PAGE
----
Lightning struck near my house and destroyed a bunch of things I had plugged in, including a treadmill. I swapped parts with another one and identified that it's the lower motor control board that is the problem and on it I see an opto-isolator that had its top literally blown off. Since I have an identical board I know the part has the following label:


I don't know what the CWN1 means.

TL;DR in the above label is the CWN1 important? Is it some sort of CTR rating? Or is it just like a manufacturer ID and I can substitute any PC817 for this one?


  • 1
    \$\begingroup\$ Assuming that the current spike which blew it's top off, didn't jump the gap to the low-voltage side (sometimes it does.) Jellybean part; worth a try. \$\endgroup\$
    – rdtsc
    Commented Nov 29, 2021 at 22:18

2 Answers 2


The part number is always closest to the logo or company name and the CWN1 = factory/date/batch codes.


I recommend the PC817X3NSZ1B or PC817X4NSZ1B replacement.

Then do a diode test on all other parts or use a conservatively limited CC limited lab supply to bring up DC power externally to locate defective parts.

CWN1 C means CTR = 2 to 4 = Ic=/If= 10~20mA / 5 mA = 2 to 4 @ Vce= 5V but as a switch CTR, like hFE, always reduces to << 10% CTR @ Vce(sat) Proof: from datasheet ... Ic/If= 20mA/1mA= 0.05 @ Vce(sat)= 0.1 to 0.2V so at Vce=Vce(sat) @ Ic=1mA CTR= 0.05/2~4= 2.5% to 1.25% Although the new datasheets do not show any distinction for CTR saturated vs different ranks, they do exist and will be around 10% of the max linear CTR for a fixed Vce(sat) max. They just overdrive the LEDs to ensure low Vce(Sat) but you app might not.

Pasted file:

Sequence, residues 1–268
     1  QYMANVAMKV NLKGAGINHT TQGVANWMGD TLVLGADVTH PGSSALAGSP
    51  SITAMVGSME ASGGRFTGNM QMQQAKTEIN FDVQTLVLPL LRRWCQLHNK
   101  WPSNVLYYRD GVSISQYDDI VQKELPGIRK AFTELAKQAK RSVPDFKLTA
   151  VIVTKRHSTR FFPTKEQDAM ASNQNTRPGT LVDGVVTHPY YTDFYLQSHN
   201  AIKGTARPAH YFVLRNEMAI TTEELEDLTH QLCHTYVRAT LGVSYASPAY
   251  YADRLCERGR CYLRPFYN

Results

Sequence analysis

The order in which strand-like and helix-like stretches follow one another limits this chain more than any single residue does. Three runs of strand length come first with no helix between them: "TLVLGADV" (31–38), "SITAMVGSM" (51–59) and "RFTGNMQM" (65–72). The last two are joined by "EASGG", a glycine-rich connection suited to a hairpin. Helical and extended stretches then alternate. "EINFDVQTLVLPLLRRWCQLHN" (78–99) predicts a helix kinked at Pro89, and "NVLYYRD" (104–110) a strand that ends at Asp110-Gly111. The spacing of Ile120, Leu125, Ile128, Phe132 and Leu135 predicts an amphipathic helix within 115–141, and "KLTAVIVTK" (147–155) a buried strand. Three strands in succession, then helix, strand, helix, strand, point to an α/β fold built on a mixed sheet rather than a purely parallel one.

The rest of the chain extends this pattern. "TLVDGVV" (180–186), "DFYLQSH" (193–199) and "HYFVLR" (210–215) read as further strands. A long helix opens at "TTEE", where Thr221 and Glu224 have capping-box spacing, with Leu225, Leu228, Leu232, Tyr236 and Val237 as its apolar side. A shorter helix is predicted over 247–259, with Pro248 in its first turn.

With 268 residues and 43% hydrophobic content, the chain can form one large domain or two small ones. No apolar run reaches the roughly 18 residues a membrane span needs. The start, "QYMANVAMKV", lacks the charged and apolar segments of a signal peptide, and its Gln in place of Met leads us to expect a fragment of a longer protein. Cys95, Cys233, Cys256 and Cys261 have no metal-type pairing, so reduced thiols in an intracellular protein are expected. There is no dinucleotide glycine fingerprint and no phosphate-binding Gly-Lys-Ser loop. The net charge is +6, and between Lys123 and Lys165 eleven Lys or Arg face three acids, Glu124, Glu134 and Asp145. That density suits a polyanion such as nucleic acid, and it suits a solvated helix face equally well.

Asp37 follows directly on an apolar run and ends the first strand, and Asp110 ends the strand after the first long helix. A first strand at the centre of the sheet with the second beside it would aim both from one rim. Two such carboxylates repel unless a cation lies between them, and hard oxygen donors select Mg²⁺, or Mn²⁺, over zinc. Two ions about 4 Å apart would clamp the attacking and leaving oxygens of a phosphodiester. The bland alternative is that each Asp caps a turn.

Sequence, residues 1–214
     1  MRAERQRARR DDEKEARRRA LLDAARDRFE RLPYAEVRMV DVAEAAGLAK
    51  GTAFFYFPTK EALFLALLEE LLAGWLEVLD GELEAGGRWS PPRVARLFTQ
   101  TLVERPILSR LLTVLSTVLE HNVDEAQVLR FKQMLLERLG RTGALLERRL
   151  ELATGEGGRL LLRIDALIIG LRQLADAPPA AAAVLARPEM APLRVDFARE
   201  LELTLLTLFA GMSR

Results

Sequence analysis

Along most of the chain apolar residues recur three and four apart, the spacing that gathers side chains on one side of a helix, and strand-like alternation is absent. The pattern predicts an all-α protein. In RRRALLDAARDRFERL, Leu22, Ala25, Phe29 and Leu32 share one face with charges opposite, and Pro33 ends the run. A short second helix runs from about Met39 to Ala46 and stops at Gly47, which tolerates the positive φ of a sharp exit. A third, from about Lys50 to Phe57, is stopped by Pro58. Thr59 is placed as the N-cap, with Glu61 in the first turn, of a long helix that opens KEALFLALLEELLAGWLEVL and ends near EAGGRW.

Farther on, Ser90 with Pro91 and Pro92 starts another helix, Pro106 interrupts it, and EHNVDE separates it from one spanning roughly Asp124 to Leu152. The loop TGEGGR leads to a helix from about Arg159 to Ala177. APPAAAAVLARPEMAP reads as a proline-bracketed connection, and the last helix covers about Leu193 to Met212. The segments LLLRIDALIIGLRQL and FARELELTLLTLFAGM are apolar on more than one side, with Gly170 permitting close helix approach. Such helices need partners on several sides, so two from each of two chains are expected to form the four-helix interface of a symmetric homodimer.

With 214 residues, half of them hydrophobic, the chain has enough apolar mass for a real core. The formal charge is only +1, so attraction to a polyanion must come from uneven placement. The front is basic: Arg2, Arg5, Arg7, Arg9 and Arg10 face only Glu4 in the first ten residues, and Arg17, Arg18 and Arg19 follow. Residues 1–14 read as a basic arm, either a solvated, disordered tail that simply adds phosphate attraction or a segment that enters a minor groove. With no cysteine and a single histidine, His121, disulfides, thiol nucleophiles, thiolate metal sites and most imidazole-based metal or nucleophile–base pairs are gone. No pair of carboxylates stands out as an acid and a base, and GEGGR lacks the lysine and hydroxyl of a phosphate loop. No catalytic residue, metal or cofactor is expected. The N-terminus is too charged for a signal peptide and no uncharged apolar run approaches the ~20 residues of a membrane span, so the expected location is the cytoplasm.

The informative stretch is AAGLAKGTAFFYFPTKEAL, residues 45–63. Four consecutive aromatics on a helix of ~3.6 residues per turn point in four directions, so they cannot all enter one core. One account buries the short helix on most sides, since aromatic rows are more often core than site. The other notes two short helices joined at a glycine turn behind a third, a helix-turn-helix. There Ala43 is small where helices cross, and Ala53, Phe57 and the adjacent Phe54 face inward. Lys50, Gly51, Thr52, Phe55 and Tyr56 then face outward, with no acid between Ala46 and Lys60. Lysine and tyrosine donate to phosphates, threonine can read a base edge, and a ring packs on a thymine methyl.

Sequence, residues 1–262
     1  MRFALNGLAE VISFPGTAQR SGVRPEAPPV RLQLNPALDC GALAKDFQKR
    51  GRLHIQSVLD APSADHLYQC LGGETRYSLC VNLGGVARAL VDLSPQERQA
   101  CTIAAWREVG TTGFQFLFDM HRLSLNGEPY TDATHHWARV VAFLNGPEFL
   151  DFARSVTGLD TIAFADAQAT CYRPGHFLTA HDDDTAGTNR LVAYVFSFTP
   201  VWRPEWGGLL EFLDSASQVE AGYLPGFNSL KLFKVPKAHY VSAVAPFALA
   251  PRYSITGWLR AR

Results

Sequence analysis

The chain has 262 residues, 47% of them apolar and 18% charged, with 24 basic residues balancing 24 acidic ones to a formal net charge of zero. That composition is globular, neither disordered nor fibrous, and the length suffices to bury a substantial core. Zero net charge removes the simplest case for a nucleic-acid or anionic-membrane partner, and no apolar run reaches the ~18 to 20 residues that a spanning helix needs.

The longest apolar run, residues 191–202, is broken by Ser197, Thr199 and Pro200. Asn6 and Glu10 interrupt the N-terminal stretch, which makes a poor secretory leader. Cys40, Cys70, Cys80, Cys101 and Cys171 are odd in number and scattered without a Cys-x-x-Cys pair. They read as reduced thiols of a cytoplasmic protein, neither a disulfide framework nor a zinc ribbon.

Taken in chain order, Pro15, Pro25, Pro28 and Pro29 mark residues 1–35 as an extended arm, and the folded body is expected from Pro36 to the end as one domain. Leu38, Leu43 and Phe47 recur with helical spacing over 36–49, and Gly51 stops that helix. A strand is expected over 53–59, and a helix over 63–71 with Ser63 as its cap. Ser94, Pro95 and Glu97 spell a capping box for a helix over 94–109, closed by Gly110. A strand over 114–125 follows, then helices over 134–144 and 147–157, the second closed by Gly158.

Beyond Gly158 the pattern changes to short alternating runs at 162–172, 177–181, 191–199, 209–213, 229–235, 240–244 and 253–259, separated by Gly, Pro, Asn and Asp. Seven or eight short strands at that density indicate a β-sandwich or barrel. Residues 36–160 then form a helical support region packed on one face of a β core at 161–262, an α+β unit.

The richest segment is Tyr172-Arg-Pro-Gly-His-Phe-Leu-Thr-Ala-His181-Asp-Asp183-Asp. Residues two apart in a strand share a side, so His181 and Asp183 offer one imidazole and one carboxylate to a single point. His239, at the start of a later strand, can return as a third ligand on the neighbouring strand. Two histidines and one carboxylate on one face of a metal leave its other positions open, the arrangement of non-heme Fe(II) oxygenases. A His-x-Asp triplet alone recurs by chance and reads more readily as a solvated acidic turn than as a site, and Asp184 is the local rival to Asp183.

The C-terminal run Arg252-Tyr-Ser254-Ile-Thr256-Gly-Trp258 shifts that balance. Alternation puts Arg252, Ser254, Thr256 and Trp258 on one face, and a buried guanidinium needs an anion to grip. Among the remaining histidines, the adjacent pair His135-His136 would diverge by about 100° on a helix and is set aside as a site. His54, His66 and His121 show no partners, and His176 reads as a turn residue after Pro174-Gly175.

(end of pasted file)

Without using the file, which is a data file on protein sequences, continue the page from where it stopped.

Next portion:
W is the factory now made by LITE-ON in China
N1 is the date code for 2001 January

PC817 SHARP still supplies them to Mouser, but they have new part numbers and they are most likely DIP for HV spacing of 5 kV could easily have been compromised by dust and humidity. over this period. No doubt this will cause a cascade of component secondary failures.

The new stock part number uses 3 for X as Rank C Ic= 10 to 20mA PC817X3NSZ1B for DIP which are the only ones in stock at this time.

You could also use 4 as Rank D Ic= 15 to 30 mA both for If= 5mA which is slightly better and also cheaper a few cents perhaps due to high yield and more common, which is also stocked. PC817X4NSZ1B


enter image description here

other misc info

There are a few other Optos rated for 5kVrms but no others at Mouser are ranked as well for CTR, Onsemi= CTR= 1 to 6 , Everlight = 1 to 2, . Sharp makes some only in Japan also which are also good, maybe better quality PC123X5YFZ1B where 5 is Rank N 10 to 20 mA / 5mA similar to Rank C in the other p/n. but is non-stock. Nobody is better than Sharp in these IR optos. Sharp IR LEDs are now licensed to Vishay.

  • \$\begingroup\$ Phenomenal! I wasn't clear on the role of the diode test. I'm familiar with continuity/resistance testing, but not sure in this case how to interpret the voltage drop, and wasn't sure across what should I be testing? Capacitors, resistors, ICs? From the low voltage side to the high voltage side? \$\endgroup\$ Commented Dec 2, 2021 at 22:39

Probably the rank is "C" according to this datasheet

enter image description here

Assuming your "W" is actually a symbol representing the factory location.

As as often true in these cases, a sharp well-cropped photo is much better than an interpretation.

If so, that means that the collector current will be 10 to 20mA with LED current of 5mA, so a CTR of 200-400%.

And the full part number would be PC817x3 where x is X (through-hole), F (wide through-hole), I (gull wing), or P (gull wing tape and reel).

As @Tony points out, you can probably get what you need from Mouser.

  • \$\begingroup\$ What is perhaps more important is the best new part number \$\endgroup\$ Commented Nov 30, 2021 at 0:22

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